# ev down/up: # of moves that ended lower, or higher than the starting price.

chg down/up: aggregate dollar change for all up and down events for that contract.

total change: aggregate chg up – chg down, in either dollars or points.

So first of all, are there up events as well as down events?  The # ev up column says yes, definitely.  Silver had 402 up events, and 467 down events.  So it's not just a one way street down.  Those scoffing analysts are correct: the up-events really do happen.  And not just occasionally either!  That said, evidence also clearly shows there are more down events than up events for gold and silver (and also for Natgas, and the e-minis).

Next, are gold and silver the only contracts that suffer volatility events during the wee hours of the morning?  No.  Many contracts received hundreds of similar-sized volatility events during the time period.   While it is true that silver received the most total events at 869, Natgas, Wheat, and Crude have all received more total events than gold, with Natgas coming in at #2 with 489.

Could there be an active Natgas, Wheat, and Crude oil suppression campaign going on too?

No.  There is one last critical part: the aggregated total change column.   If you sum the price changes for all events: chg down + chg up, you get to see the net price impact of all the events.   So for silver, the total change over the period is $53 up - $71 down = -$18.  Compare this with crude oil, which had $43 up - $41 down = +$2.

What does this mean?  Even though silver had $53 in support from the 402 up events it received, it was also hit for $71 from the 467 down events it got: net effect -$18.  That's significant for something with a current price of $15.  In fact, when viewed as a percentage of silver's current price (the % change column), silver was far and away the hardest hit of all 9 contracts I investigated.  Gold's price impact was #2, at $379.  Crude actually had a positive effect, while Natgas was dead flat.  Even though Natgas had a large number of volatility events, the net effect on price was a wash.  The same is largely true for wheat, treasury bonds, and the e-mini futures.  Some experienced a mild positive effect, others a mild negative effect, but the effects were quite small relative to the current price of the underlying item.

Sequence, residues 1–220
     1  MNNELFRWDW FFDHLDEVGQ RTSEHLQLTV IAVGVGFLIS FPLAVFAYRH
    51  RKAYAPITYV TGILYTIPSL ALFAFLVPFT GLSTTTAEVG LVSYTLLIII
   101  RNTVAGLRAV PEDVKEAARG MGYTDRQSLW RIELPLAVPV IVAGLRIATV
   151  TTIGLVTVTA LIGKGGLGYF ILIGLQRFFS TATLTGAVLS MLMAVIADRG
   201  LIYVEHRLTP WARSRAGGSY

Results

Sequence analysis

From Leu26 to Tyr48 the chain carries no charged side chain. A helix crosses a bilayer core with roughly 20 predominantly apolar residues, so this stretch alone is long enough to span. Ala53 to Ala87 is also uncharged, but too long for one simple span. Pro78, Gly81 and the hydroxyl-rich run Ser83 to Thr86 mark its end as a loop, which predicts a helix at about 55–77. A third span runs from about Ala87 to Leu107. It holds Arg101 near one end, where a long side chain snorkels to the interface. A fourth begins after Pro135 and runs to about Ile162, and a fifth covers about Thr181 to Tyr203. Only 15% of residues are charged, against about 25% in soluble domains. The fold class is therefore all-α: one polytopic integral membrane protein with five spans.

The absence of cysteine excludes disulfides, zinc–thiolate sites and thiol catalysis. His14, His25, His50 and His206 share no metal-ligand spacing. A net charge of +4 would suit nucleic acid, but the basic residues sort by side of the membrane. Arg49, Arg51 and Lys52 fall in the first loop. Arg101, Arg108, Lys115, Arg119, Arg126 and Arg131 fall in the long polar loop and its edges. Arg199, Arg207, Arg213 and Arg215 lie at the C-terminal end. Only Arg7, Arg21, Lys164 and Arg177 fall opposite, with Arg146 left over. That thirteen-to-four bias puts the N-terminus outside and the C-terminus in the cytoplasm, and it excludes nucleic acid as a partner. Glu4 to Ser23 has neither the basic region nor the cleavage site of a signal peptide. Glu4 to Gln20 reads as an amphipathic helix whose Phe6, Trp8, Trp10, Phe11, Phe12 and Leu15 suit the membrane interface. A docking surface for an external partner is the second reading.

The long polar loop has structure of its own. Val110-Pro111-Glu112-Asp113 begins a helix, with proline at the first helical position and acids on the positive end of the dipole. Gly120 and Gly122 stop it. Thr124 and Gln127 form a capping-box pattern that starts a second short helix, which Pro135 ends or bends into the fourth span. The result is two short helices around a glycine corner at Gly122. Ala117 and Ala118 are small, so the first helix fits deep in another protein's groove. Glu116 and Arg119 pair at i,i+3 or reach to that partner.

So goldbugs, take a victory lap!  Even though the scoffers were right – there are a large number of up events – the down events dominate for PM contracts and especially for silver.  You have been singled out for beatings!  Of course you already knew that, didn't you?  :-)

So now that we've looked at the last 6 years in aggregate, and we've established that precious metals have definitely been singled out for “negative attention” compared to other contracts, its time to look at these events across time, to see if we can get answers to the other questions, such as: When do these events take place? What effect do they have on the price chart? Are they still happening? And if so – how often?

First, let's look at the big picture.  Here are a pair of price charts for silver and gold over the five year time period, with the volatility events (red = down, blue = up, measured in dollars, weekly) overlaid.

For silver, we can see four main events: a huge spike right near the 2011 peak, another spike that seems to coincide with the low in 2011, and a couple more in early-2013 that happened during the great gold smash of 2013.  We can also see that the red (the down spikes) usually is larger than the blue (the up spikes).

Gold's picture is a bit different: a few smaller spikes appear during the uptrend, a couple appear right near the peak, and a massive spike appears right after the peak.  The largest spike in gold happens during the 2013 gold smash.  One last big spike occurs in 2015, about the time of the low at 1075.  As a general impression, gold has far more red than blue; this is borne out by the spreadsheet, which shows a 2:1 red:blue ratio.